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A Female Thai Fighter’s Guide to Life

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Photos by Matthew Yarbrough

The last time Nong Am remembers crying was in April. While her fellow university classmates tend to cry over homesickness, disappointing grades, and ill-fated college loves, Nong Am, whose real name is Siriluk Kaewcha, sheds her tears over Muay Thai.

It was a championship match, with a World Muaythai Council belt on the line.

Nong Am (alternatively spelled Nong Em) remembers the match as being nail-bitingly close. That is, until the fourth round. It was during the fourth that Nong Am kicked her opponent so hard it appeared to fracture her arm. Despite the flurry of competition and adrenaline, Nong Am hesitated. “I didn’t want to strike her anymore because we knew each other; we’d gone to Japan together for a fight,” Nong Am says. “I was afraid she wouldn’t be able to box anymore if I broke her arm.”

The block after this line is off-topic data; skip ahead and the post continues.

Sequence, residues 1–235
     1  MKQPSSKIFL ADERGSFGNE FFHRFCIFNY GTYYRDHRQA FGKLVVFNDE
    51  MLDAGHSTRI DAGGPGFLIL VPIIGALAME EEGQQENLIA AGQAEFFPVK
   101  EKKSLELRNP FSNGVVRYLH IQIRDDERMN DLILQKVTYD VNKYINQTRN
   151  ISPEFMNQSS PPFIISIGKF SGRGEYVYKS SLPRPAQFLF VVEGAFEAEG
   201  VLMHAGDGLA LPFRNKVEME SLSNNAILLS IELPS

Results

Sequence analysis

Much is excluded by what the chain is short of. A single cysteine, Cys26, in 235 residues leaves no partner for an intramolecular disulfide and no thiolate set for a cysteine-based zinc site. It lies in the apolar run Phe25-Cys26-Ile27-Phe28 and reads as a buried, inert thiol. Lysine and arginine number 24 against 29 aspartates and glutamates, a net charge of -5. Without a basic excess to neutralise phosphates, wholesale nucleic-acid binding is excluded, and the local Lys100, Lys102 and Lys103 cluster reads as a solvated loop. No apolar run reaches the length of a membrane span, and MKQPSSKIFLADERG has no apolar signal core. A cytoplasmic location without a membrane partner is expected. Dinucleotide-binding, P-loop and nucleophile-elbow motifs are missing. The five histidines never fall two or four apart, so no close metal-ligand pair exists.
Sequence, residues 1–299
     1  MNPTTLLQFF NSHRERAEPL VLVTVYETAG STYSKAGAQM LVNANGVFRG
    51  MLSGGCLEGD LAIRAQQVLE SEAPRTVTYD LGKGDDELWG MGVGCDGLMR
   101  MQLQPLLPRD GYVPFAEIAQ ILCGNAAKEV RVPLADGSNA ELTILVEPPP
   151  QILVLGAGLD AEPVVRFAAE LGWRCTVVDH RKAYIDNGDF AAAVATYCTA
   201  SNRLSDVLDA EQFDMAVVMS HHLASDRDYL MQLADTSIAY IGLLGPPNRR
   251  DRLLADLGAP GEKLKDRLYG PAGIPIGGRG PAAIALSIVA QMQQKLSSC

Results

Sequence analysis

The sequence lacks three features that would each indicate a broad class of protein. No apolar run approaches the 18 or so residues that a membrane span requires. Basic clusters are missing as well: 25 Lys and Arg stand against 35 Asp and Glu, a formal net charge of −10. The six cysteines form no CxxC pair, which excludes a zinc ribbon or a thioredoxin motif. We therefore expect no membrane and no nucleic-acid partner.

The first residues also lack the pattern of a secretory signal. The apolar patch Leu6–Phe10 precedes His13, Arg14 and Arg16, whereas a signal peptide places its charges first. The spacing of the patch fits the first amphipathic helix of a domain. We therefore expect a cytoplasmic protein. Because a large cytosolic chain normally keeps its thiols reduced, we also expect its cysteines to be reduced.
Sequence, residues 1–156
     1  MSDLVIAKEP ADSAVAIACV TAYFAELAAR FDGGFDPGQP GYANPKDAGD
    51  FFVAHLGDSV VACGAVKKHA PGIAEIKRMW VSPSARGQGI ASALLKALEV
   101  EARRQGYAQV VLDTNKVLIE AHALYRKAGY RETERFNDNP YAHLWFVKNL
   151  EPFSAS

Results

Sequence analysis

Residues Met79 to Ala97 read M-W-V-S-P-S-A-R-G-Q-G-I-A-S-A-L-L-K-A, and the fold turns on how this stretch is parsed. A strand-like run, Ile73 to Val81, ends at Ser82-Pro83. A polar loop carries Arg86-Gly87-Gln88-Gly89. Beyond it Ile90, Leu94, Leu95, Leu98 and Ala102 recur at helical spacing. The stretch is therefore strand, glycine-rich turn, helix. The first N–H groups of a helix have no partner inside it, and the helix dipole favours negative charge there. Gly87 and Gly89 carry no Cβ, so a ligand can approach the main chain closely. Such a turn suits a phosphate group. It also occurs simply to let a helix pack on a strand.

Instead of inflicting further damage on her already injured opponent, Nong Am held back, keeping her distance all the way through the end of Round Four and into Round Five. When the fight was over, Nong Am confidently stepped to the middle of the ring and stood next to her opponent, who looked to be in pain. The referee collected the judges’ scorecards and promptly raised not Nong Am’s gloved hand, but her opponent’s. Nong Am was shocked.

Many in the audience, as well as those in Nong Am’s corner, responded heatedly to the decision. Some thought it was a faulty call on the judges’ part. Others blamed Nong Am herself. “After the fight, people around me complained, asking me why I didn’t fight. Didn’t I want to win?” Nong Am wasn’t sure what to make of it. In trying to be merciful to her injured opponent, a woman she knew personally, she had missed out on the coveted WMC 112-pound ….View full article

Source:: fightland.vice.com